Kristy is still outside the gates but decides to do what Liz told her and takes off on foot. She’s stumbling around in the outback before collapsing on the road where a passing car stops to help her. The driver helps her into the car when a gunshot rings out. He looks up at his flask before another shot rings out and the driver hits the road, a single bullet between his eyes.


Kristy is now alone again, tired and scared. She climbs into the driver’s seat and floors it the best she can as Mick’s car comes roaring up along side her. He ends up running her off the road after shooting out a tire.


The car crashes and Kristy crawls out and begins to crawl away when Mick cruelly shoots her in the back. He then takes the bodies of both Liz and Kristy and puts them in the back of the wrecked car before igniting it and walking away calmly.


Then we flash to Ben who is nailed to what seems to be a mock crucifix in another one of Mick’s torture rooms. Next to him hangs a half eaten body and two vicious dogs are locked in a cage, looking like they haven’t eaten in a while. Ben pulls his arm away from the crucifix, the nail passing through his wrists, causing blood to spurt.


He manages to escape from Mick’s clutches during the early hours of the morning. Ben enters into the outback, but becomes hysterical and dehydrated, eventually passing out beside a dirt road. He is discovered by two shocked Swedish travelers who take him to Kalbarri, where he is then airlifted to hospital.


Despite a lengthy police investigation and numerous searches, there is no trace of the girls. Ben is arrested but after four months in custody, he is released.


The end of the film sees a silhouette of Mick Taylor walking off into the sunset, rifle in hand.


When Wolf Creek was released in 2005, it was released in every state of Australia except the Northern Territory because of an ongoing investigation. In 2001, a British backpacker by the name of Peter Falconio disappeared. His girlfriend, Joanne Lees survived the ordeal and eventually helped Australian police capture Bradley John Murdoch who was accused of murdering Peter. The Northern Territory court placed an injunction on the film’s release there in the belief that it could influence the outcome of the proceedings.


Despite stating “Based On True Events” on the movie posters, many believe the entire movie is based on a true story, when it only had many influences from other murders around Australia, like the Ivan Milat backpacker murders and the Peter Falconio murder case.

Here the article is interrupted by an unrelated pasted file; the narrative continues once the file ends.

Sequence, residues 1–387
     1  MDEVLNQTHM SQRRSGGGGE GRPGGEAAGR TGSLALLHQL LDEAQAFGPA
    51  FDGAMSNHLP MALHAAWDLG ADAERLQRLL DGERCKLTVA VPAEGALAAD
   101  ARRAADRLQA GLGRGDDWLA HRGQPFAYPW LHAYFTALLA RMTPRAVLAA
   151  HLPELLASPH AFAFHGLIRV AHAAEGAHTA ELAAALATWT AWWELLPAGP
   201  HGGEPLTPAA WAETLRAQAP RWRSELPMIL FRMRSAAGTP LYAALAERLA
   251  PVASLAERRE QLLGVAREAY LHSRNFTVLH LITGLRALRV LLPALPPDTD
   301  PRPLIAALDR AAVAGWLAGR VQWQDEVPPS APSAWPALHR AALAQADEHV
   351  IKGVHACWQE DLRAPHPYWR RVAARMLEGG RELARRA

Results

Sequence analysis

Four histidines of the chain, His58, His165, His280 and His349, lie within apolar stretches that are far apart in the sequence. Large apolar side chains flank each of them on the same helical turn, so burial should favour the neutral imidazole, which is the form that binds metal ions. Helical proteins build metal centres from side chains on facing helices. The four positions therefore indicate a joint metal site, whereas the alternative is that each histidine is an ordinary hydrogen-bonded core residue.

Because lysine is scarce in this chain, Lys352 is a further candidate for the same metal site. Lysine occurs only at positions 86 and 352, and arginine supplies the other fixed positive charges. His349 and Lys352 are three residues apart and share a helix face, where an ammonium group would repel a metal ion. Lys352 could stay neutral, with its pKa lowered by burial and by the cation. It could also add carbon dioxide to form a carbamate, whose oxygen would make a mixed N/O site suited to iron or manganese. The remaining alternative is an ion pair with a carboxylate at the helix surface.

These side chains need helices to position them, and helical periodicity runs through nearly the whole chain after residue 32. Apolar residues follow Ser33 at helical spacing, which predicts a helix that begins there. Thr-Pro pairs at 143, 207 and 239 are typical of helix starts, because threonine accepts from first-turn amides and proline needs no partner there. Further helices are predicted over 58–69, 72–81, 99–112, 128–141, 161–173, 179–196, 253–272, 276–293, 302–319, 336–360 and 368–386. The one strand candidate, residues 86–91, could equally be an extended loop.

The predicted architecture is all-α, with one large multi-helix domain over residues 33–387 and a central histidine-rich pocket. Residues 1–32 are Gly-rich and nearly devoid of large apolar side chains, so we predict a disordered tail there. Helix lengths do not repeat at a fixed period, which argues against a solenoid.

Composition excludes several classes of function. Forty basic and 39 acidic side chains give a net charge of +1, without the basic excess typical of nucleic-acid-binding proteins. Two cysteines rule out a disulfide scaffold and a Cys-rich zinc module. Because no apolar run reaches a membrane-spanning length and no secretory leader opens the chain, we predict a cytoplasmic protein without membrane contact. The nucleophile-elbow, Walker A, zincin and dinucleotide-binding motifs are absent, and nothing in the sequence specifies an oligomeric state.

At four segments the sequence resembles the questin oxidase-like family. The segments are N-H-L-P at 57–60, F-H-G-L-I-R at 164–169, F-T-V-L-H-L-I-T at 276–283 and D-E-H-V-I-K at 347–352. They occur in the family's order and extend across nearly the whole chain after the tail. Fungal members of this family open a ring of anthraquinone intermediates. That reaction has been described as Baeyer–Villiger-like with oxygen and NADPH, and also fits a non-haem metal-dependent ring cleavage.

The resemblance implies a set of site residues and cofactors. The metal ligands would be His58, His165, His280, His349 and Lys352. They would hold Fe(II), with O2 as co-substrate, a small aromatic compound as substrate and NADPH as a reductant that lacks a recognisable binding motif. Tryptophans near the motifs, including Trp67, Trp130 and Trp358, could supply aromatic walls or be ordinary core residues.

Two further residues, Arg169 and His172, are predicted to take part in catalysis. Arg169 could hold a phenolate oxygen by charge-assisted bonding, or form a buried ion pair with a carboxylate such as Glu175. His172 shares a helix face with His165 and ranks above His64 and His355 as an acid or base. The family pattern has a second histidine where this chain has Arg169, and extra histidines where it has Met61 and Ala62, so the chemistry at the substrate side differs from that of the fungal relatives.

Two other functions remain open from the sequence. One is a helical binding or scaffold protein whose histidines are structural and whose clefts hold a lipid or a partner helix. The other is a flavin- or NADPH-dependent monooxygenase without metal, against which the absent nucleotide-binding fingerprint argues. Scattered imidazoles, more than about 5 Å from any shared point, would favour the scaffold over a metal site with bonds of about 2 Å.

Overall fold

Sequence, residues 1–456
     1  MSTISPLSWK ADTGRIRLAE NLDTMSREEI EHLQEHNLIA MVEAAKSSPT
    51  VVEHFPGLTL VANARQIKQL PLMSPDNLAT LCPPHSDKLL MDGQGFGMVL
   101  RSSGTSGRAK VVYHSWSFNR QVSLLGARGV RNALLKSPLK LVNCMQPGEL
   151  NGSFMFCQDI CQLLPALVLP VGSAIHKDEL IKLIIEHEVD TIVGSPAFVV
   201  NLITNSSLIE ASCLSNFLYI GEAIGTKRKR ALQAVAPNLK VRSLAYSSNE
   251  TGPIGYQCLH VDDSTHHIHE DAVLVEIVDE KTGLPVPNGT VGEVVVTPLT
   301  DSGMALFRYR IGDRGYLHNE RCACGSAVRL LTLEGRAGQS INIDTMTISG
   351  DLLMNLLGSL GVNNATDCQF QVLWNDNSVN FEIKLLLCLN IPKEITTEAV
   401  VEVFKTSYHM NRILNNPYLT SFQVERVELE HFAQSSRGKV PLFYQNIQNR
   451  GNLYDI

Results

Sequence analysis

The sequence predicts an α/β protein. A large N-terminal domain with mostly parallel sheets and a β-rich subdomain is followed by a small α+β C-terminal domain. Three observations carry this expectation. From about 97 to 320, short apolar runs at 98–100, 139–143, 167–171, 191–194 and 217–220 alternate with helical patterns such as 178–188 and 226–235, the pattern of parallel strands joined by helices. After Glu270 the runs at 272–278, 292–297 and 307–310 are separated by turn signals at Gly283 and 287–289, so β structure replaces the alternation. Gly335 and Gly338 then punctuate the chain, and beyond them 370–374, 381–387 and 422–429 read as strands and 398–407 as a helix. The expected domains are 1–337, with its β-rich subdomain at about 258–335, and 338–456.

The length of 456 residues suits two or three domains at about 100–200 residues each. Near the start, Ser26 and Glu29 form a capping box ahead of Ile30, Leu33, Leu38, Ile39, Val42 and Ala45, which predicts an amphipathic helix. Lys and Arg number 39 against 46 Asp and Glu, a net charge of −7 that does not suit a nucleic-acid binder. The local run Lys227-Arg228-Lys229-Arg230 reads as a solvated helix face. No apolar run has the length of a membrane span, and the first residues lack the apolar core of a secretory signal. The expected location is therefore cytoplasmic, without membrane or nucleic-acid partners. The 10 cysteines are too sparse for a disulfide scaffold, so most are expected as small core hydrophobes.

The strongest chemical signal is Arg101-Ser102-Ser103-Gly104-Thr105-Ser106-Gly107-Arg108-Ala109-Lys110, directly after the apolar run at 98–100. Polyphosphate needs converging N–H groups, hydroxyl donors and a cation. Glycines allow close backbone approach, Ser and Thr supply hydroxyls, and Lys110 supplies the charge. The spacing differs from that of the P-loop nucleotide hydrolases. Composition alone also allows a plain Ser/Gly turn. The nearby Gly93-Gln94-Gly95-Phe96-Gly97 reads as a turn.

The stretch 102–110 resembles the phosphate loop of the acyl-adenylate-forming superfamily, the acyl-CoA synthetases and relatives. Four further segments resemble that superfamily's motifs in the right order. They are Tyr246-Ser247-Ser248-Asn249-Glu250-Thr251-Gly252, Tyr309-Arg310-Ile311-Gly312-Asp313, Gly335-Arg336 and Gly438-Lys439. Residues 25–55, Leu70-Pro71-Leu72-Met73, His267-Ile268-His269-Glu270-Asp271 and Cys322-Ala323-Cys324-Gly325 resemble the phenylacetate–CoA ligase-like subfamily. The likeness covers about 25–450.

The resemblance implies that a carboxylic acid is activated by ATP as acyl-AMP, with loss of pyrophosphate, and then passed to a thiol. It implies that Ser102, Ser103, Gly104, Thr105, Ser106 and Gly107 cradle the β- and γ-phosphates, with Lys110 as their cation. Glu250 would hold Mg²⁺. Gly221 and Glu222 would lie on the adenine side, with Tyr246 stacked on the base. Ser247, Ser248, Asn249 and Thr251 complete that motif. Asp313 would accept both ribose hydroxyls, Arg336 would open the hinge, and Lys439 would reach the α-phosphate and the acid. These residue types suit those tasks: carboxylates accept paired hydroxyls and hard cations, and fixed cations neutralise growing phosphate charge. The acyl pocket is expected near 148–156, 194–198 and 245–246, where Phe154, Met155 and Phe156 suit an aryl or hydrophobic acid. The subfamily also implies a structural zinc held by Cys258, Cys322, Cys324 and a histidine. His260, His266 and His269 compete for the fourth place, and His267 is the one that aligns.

But that wasn’t the only controversy surrounding the film. Unbeknown to the crew, the abandoned mine where they chose to film had actually been the site of the real life murder of a woman. The filming prompted a protest from locals who erroneously thought the film was about those events.


So why does this film cause shivers to run down an Australian’s spine or goosebumps to raise on the arms? I can sum that up in two words: John Jarratt.


John Jarratt is Australia’s Mr. Nice Guy. For years he hosted a home improvement show and was often the practical joker on the show as well as being our favourite larrikin. He had worked the stage, showing his range of ‘Nice Guy’ talent. So when he was cast as Mick Taylor, Australia pretty much roared with laughter.


His performance, however, was no laughing matter. In fact, Cassandra Magrath, who played Liz, said that his sinister laugh gave her nightmares.


So how did he deliver such a stand out performance? Jarratt is a method actor and spent weeks living in the Australian outback preparing for the role of Mick Taylor. In addition he also avoided bathing before shooting so he would have a much more rugged appearance. Furthermore, the idea for Mick to have a creepy laugh was Jarratt own (Fun Fact: He says it took him four months to get it just right), and he also created a detailed biography for the character… although, to this day, he hasn’t reveal the details to anyone.